the problem for the mother and child

HIV/ AIDS related guidelines

List of Circulars in the field of prevention, screening, management, treatment and follow-up
of HIV infection (in Hebrew):

1. Directive for implementation of the National Program for Prevention of

HIV and Treatment of HIV Positive Migrants without Health Insurance.
Directive of the Director General of the Ministry of Health. No. 9/2016 from 27.10.2016. 

2. Circular for implementation of the community programme for the follow

up and anti-retro-viral treatment (ART) of HIV positive migrants without health insurance.
Circular of the Director General of the Ministry of Health No. 03/2014 from 15.01.2014.
3. Regulations for the provision and delivery of treatment in the framework
of the community programme for the follow up and anti-retro-viral treatment (ART) of HIV
positive migrants.
Circular of the Department of Tuberculosis and AIDS from 20.01.2014.

4. Guidelines for HIV testing. Circular of the Director General of the

Ministry of Health No. 22/2011 from 25.08.2011; update No. 08/2013 from 30.06.2013. 

5. Regulation for the provision of milk substitutes for newborns from

mothers leaving with HIV/AIDS.  
Circular of the Head of the Public Health Services No. 05/2006 from 9.07.2006.

6. Regulation for the dental treatment of HIV positive children.

Circular of the Department of Tuberculosis and AIDS and the Division of Dental
Health from 26.02.2006; update from April 2014.

7. Guidance for addressing issues to the National Ethics Committee on

HIV/AIDS according to the Law for Patients' Rights.
Circular from the Department of Tuberculosis and AIDS from 9.02.2006. 

8. Regulation for the prevention of HIV transmission among sexual partners.

Circular of the Head of Medical Administration No. 45/2005 from 18.12.2005. 

9. Guidelines for prevention of HIV infection after blood exposure or unsafe

sexual relation.
Circular of the Head of the Public Health Services No. 05/2001 from 5.11.2001; Circular of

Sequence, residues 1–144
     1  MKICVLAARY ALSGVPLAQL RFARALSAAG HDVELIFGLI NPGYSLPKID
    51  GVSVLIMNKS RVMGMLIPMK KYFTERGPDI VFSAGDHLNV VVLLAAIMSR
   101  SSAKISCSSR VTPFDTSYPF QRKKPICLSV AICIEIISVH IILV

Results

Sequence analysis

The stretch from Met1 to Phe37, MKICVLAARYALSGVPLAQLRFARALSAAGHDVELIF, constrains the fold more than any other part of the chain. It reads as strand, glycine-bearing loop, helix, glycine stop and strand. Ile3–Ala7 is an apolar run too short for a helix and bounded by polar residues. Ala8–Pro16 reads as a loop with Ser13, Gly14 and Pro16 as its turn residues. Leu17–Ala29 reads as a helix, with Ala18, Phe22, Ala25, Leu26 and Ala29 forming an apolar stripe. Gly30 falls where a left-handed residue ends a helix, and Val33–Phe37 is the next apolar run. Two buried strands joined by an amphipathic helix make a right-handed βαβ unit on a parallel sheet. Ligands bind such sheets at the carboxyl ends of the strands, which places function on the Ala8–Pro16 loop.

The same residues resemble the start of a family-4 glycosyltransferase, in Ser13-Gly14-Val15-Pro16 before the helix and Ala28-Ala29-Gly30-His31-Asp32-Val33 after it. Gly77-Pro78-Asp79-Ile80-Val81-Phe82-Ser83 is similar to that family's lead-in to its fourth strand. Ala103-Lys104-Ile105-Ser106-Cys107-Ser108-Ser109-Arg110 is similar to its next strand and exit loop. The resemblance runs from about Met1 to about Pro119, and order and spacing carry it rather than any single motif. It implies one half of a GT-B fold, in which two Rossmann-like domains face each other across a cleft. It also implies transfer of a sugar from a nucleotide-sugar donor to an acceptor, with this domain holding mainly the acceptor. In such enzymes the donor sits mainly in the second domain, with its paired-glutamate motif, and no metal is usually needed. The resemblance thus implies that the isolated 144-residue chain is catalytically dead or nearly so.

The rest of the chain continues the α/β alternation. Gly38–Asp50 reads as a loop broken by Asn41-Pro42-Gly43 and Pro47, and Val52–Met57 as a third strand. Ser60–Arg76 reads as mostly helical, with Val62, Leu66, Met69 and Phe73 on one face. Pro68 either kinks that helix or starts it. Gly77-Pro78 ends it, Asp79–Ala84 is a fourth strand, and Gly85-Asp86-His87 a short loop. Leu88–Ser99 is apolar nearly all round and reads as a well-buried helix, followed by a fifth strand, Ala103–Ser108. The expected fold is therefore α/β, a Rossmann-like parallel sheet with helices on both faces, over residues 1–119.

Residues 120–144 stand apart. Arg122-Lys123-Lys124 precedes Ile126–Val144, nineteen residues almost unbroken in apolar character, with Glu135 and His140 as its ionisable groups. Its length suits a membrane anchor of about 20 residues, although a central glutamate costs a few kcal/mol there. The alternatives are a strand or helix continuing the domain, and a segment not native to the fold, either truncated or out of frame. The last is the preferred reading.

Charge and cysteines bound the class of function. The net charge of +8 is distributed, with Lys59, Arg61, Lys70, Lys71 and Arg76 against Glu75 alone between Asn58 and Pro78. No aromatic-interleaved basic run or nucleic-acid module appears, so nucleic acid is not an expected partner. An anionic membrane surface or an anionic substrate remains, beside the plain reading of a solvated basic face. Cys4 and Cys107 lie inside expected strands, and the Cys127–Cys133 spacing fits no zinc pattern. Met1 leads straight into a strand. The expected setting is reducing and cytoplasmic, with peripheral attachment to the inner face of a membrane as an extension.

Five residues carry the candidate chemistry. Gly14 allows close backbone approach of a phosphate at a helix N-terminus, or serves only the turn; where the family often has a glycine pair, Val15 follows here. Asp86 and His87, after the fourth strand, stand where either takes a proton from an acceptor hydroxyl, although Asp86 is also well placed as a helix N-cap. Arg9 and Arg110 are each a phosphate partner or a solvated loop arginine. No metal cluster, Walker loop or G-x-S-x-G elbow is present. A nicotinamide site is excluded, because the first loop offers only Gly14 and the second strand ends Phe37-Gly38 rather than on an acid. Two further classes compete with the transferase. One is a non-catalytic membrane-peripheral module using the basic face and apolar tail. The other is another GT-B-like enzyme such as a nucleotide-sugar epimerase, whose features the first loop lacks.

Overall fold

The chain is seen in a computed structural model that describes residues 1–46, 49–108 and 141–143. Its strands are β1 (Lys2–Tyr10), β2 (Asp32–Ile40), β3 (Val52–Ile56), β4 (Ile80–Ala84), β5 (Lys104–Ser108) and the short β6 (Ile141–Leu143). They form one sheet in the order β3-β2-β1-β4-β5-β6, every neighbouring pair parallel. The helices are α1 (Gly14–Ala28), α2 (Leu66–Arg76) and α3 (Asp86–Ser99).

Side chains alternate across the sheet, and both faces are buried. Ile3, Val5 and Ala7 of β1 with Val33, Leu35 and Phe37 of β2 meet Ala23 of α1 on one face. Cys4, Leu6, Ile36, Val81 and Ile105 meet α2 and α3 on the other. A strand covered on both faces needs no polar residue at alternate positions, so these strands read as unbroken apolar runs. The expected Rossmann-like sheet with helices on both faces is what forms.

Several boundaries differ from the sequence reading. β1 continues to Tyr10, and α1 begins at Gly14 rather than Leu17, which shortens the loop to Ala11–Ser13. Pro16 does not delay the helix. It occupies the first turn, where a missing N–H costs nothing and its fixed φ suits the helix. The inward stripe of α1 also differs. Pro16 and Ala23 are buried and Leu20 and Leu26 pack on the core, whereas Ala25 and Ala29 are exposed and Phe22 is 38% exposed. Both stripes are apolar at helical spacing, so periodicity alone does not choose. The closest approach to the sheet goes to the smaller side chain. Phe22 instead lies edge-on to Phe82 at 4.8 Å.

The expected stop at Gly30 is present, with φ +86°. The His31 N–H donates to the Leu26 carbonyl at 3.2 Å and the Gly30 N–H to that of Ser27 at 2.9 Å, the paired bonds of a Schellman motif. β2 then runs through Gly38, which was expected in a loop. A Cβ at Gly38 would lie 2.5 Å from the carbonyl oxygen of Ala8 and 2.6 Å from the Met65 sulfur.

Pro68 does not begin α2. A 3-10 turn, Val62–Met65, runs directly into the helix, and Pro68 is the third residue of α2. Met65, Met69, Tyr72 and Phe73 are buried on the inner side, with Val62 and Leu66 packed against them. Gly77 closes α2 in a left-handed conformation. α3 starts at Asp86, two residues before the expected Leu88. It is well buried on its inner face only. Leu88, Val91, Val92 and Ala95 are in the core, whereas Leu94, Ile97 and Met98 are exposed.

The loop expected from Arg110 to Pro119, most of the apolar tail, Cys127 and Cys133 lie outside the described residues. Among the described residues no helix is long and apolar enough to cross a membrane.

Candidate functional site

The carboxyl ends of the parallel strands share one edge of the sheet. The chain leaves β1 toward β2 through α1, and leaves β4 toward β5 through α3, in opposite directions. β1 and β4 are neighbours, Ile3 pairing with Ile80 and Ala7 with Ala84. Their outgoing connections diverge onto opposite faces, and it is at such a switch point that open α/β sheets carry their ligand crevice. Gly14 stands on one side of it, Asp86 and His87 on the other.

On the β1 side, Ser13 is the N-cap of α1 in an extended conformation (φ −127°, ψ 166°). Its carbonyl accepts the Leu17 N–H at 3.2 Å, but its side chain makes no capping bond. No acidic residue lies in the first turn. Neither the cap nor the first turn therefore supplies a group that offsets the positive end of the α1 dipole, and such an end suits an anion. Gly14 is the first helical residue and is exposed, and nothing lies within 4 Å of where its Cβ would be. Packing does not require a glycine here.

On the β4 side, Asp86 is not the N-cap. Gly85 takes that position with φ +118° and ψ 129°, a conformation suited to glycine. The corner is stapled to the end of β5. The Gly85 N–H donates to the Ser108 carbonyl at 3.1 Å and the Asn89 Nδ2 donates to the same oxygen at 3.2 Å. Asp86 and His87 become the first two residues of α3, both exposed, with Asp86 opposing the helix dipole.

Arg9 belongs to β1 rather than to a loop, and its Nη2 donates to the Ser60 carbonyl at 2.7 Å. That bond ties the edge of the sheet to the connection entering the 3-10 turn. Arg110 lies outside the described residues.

the Head of Medical Administration No. 82/2001 from 10.12.2001.   

10. Provision of medical services against HIV for pregnant HIV positive
women not being covered by the National Health Insurance.
Circular from the Department of Tuberculosis and AIDS, 1.08.2001.

11. Medical Absorption of new immigrants from Ethiopia – update.  

Circular of the Head of the Department of Epidemiology No. 45/2000 from
30.08.2000; update No. 09/2001 from 24.01.2001.
12. Pupils suffering from HIV/AIDS.  
Circular of the Director General of the Ministry of Education No. 2.2-13 from October 1999.

13. Regulation for sending blood samples to the HIV Reference Laboratory.
Circular of the Head of the Laboratory Department No. 11/1999 from 15.02.1999.

14. Notification of HIV/AIDS individuals treated with Protease Inhibitors.

Circular of the Head of Medical Administration No. 74/1998 from 3.12.1998.

15. Early diagnosis of HIV positive woman and her treatment.

Circular of the Head of the Public Health Services No. 04/1998 from 15.03.1998; update No.
09/2000 from 27.11.2000; update No. 01/2007 from 4.03.2007.  

16. Circular for payment and notification of the diagnosis of HIV infection.  
Circular of the Head of the Public Health Services No.B404-1 from 17.02.1998; update No.
749-1 from 5.01.1999.

Ethical Issues of HIV and AIDS in Health Care

 Disclosure
 Disability rights
 Economical resources
 Employment rights
 Medication & Treatments
 Suicide
 Duty to warn

1. Disclosure

 To tell or not?
 Decisions whether to disclose the diagnosis in the workplace.
 A doctor with HIV needs not to disclose?
2. Disability rights

Disability rights awareness

e.g., “Somehow a check-out person at a local grocery store found out I had
AIDS and started wearing latex gloves every time she waited on me. I called their
legal department and informed them that this needed to stop or I would sue them”

3. Economical resources

 Financing treatment

e.g., “Medicare doesn’t pay for my prescriptions anymore.”

 Different kind and degree of services than a person who is employed and who
has health insurance and other resources available.

4. Employment

 Can they decide whether to stay in their current position or not?

e.g., “My old job as a nursing assistant was too high risk, so I had to leave.”

 Emotionally missing work

e.g., “Work had always been important to me and it really hit me all at once that I wasn’t
able to do it anymore.”

5. Medication & Treatments

 Dissatisfactory with the treatment providers
e.g., “A lot of times I’m not in the mood to talk with the doctors in the clinic.
They don’t listen and they are very clinical.”
 Treatment effect
e.g., “I had a very bad reaction to the drug I was taking and had to go back into the